[MARCH 3RD, 4TH, 9TH, 10TH, 11th, 16TH, 17TH, 18TH, AND 23RD,

AND AUGUST 11TH, 1897.]

Conveyance -Award - Construction Presumption-Rebuttal-Land

abutting on Rivvr-Fishery-River Bed ad medium filum—Commons-Inclosure— Evidence.

The presumption that a conveyance of land abutting on a river passer the river bed ad medium filum (when such bed belongs to the grantor) may be rebutted by evidence of a contrary intention, and the particulars of sale of the land are admissible as evidence to rebut such presumption. In the case of an award under an Inclosure Act it is questionable whether such presumption would apply.

An award of a piece of land abutting on a river, made under the provisions of an Inclosure Act, described the land as bounded by the river, and specified its dimensions, which were not sufficient to include half the bed of the river ; and the plan annexed to the award did not include half the bed of the river. The river was not referred to either in the Act or award, except as being a boundary of the land, and, prior to the date of the Act, the lord of the manor owned a several fishery in the river, which was not waste of the manor or the subject of commonable rights.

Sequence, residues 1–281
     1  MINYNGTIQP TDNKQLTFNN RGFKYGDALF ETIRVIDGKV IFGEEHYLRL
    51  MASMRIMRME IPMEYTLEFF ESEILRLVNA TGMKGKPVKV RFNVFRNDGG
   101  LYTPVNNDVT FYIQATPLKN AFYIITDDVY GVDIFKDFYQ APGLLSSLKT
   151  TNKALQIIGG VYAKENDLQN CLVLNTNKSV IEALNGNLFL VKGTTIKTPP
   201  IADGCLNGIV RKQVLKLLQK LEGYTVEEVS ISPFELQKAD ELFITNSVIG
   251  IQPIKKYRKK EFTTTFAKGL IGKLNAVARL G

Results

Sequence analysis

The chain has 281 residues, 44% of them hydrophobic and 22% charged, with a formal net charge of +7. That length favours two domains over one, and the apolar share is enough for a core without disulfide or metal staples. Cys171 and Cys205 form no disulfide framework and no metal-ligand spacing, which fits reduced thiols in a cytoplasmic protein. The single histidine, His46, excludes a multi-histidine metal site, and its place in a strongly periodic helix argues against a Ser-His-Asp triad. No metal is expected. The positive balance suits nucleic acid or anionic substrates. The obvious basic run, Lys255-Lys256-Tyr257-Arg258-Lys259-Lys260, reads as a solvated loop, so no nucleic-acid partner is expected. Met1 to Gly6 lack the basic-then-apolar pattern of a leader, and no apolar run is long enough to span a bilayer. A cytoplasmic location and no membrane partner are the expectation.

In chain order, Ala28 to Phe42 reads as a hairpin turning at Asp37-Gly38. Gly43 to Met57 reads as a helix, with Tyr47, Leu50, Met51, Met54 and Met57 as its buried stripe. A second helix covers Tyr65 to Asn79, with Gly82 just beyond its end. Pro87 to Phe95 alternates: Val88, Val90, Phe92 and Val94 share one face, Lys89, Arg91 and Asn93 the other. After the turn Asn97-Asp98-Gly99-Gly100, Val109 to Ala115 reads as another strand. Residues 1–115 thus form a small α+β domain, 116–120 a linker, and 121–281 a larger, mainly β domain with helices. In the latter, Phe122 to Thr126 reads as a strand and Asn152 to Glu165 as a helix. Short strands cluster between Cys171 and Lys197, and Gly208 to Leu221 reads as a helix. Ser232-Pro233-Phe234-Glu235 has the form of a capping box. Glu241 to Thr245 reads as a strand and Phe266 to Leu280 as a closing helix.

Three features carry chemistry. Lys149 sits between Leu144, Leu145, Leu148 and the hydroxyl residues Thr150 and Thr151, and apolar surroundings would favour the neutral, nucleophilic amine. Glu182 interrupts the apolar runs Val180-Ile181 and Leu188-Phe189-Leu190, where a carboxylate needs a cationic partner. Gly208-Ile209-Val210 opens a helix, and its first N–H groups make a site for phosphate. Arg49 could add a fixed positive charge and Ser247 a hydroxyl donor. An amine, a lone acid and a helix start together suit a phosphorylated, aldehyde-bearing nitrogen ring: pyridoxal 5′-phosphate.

Held, that the river did not pass by the award.(L. T. [1897], Ch. D., vol. lxxvii. p. 357.)

(855.)

[QUEEN'S BENCH DIVISION.]

THE ASSESSMENT COMMITTEE OF THE STOCKPORT

UNION, APPELLANTS ; THE LONDON AND NORTH
WESTERN RAILWAY COMPANY, RESPONDENTS.

[JULY 23RD AND AUGUST 11TH, 1897.]

Rating-Poor Rate-Railway Lines in and about Station-Station

Appurtenances- Part of Railway directly earning Profits.

Lines that are primarily used for carrying passenger and goods traffic are rateable as part of the railway directly earning profits, and not as station appartenances. And it makes no difference that shunting and unloading is done, or empty carriages left upon them.

JUDGMENT.